The Caribbean region is performing better than 2010 and 2011, with a 4 per cent improvement posted for last year.
This mirrors the 4 per cent growth noted as a worldwide trend, according to the United Nations World Tourism Organization’s World Tourism Barometer, which was released 29 January.
Total tourism figures in 2012 were slightly more than one billion people. Emerging economies, read the document, were up by 4.1 per cent with Asia and the Pacific strongest performers. Growth is expected to be 3 to 4 per cent for 2013 in line with the UN’s long-term forecast.
“2012 saw continued economic volatility around the globe, particularly in the Eurozone. Yet international tourism managed to stay on course,” said the organisation’s Secretary-General, Taleb Rifai.
“The sector has shown its capacity to adjust to the changing market conditions and, although at a slightly more modest rate, is expected to continue expanding in 2013. Tourism is thus one of the pillars that should be supported by governments around the world as part of the solution to stimulating economic growth,” he added.
The United Nations World Tourism Organization forecasts international tourist arrivals to increase by 3 per cent to 4 per cent in 2013, much in line with its long term forecast for 2030, which is plus 3.8 per cent a year on average between 2010 and 2020. This outlook is confirmed by the body’s Confidence Index. Compiled among more than 300 experts worldwide, the index shows that prospects for 2013 are similar to the evaluation of last year (124 points for 2013 against 122 for 2012).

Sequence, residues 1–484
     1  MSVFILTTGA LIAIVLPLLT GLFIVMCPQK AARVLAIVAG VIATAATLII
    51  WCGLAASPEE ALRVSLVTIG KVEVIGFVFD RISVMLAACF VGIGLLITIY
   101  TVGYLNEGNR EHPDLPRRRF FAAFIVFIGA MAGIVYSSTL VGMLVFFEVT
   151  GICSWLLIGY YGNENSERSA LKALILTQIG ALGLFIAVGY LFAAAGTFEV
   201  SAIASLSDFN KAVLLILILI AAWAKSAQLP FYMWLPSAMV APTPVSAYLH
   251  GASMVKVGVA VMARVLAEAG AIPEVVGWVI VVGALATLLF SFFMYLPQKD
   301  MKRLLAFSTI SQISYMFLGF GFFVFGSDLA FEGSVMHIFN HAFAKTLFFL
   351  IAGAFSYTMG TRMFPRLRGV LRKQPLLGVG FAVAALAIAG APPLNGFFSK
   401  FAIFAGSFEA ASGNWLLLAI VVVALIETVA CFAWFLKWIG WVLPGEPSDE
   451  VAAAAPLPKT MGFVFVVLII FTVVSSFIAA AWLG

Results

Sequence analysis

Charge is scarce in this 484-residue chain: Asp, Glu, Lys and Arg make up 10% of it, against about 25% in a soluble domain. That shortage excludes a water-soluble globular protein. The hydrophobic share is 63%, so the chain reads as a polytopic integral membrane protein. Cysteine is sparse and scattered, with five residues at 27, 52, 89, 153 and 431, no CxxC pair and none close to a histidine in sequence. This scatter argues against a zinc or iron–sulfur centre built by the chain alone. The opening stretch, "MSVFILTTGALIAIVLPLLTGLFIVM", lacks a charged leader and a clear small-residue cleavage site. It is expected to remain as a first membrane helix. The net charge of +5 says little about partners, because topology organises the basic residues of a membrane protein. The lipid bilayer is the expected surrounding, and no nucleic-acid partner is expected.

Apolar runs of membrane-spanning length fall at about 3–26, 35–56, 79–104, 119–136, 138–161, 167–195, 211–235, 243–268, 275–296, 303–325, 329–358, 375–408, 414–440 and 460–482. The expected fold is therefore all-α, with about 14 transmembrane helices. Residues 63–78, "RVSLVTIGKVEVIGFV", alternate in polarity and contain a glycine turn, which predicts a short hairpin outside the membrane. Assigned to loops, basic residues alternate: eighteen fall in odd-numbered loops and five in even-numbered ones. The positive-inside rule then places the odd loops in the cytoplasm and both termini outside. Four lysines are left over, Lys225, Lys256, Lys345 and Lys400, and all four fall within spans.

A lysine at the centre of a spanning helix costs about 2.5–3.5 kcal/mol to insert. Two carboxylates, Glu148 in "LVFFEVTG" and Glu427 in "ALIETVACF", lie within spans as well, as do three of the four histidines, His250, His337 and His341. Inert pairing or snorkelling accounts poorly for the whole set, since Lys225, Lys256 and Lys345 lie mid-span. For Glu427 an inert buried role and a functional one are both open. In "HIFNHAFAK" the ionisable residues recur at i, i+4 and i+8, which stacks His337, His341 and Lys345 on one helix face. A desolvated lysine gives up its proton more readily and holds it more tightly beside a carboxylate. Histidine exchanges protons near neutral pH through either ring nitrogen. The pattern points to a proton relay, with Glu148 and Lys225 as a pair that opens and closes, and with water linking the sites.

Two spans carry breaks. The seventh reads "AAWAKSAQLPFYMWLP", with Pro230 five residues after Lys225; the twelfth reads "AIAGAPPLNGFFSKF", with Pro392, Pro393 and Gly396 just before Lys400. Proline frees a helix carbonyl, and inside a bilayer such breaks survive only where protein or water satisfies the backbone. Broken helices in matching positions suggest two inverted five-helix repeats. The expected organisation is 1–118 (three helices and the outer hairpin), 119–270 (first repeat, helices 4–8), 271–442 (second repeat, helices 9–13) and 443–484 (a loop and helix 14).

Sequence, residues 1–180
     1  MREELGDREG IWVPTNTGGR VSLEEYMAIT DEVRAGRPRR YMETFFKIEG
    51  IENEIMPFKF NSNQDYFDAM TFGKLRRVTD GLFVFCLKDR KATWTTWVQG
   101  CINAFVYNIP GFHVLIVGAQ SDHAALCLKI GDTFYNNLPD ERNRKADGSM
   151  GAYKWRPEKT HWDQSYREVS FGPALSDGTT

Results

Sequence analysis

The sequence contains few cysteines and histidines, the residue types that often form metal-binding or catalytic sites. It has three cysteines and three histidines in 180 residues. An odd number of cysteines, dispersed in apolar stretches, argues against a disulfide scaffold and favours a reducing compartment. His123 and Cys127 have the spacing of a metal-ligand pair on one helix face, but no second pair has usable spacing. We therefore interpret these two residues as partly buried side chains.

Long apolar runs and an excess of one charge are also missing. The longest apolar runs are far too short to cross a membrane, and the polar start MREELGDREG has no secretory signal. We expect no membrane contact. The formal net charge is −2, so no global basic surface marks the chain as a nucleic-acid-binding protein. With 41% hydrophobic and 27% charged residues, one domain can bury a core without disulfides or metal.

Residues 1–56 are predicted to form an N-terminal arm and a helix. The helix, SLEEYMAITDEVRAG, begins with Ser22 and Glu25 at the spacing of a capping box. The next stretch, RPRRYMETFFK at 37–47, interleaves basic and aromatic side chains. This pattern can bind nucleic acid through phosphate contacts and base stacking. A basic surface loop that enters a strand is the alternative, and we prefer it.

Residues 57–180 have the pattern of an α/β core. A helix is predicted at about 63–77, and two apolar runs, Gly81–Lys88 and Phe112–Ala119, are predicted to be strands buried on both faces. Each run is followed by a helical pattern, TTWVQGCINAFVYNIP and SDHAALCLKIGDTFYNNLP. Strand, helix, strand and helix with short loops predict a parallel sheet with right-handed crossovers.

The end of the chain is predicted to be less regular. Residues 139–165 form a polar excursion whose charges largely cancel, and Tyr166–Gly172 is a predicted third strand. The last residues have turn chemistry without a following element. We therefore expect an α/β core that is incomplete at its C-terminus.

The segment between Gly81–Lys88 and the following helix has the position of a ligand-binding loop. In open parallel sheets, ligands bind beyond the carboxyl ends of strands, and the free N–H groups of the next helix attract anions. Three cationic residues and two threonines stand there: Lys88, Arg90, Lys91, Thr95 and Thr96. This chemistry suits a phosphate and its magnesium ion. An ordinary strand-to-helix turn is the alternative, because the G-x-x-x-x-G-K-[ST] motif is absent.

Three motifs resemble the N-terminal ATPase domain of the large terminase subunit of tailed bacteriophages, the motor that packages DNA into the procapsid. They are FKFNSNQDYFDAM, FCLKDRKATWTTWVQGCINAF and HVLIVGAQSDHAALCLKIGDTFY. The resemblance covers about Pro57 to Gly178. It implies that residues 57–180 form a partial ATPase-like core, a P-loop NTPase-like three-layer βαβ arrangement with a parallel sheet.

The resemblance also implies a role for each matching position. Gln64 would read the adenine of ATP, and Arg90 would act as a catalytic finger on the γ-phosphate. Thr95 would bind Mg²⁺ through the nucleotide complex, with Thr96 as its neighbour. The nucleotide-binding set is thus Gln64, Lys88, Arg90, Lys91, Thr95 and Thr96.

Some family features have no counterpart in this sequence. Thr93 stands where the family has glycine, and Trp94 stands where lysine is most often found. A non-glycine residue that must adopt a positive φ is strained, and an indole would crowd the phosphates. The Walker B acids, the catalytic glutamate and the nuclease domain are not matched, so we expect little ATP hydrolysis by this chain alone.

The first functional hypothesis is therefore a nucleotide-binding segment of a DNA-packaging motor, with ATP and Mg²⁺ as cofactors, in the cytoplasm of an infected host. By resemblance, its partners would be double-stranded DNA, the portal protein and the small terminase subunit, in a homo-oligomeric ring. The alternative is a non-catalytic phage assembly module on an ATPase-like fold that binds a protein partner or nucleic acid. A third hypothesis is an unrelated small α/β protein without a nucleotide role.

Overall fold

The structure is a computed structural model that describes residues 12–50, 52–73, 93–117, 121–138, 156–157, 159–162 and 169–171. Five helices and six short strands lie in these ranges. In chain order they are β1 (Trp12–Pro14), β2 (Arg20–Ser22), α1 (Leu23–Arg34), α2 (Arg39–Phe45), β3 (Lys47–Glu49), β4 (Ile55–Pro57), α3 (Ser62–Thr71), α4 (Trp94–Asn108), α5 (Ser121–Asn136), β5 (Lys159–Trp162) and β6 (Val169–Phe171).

By region, prospects for 2013 are stronger for Asia and the Pacific (up between 5 and 6 per cent), followed by Africa (up between 4 and 6 per cent), the Americas (up between 3 and 4 per cent), Europe (up between 2 and 3 per cent) and the Middle East (between 0 and 5 per cent).
The Americas (4 per cent) saw an increase of six million arrivals, reaching 162 million in total. Leading the growth were destinations in Central America (6 per cent), while South America, up by 4 per cent, showed some slowdown as compared to the double-digit growth of 2010 and 2011. The Caribbean (4 per cent), on the other hand, is performing above the previous two years, while North America (3 per cent) consolidated its 2011 growth, the document indicated.
Available data on international tourism receipts and expenditure for 2012 covering at least the first nine months of the year confirmed the positive trend in arrivals.
Although the highest growth rates in expenditure abroad among the ten top markets came from emerging economies – China (up 42 per cent) and Russia (up 31 per cent) – important traditional source markets, showed particularly good results. In Europe, and despite economic pressures, expenditure on international tourism by Germany held at a 3 per cent increase, while the United Kingdom (5 per cent) returned to growth after two flat years. In the Americas, both the United States and Canada grew at 7 per cent.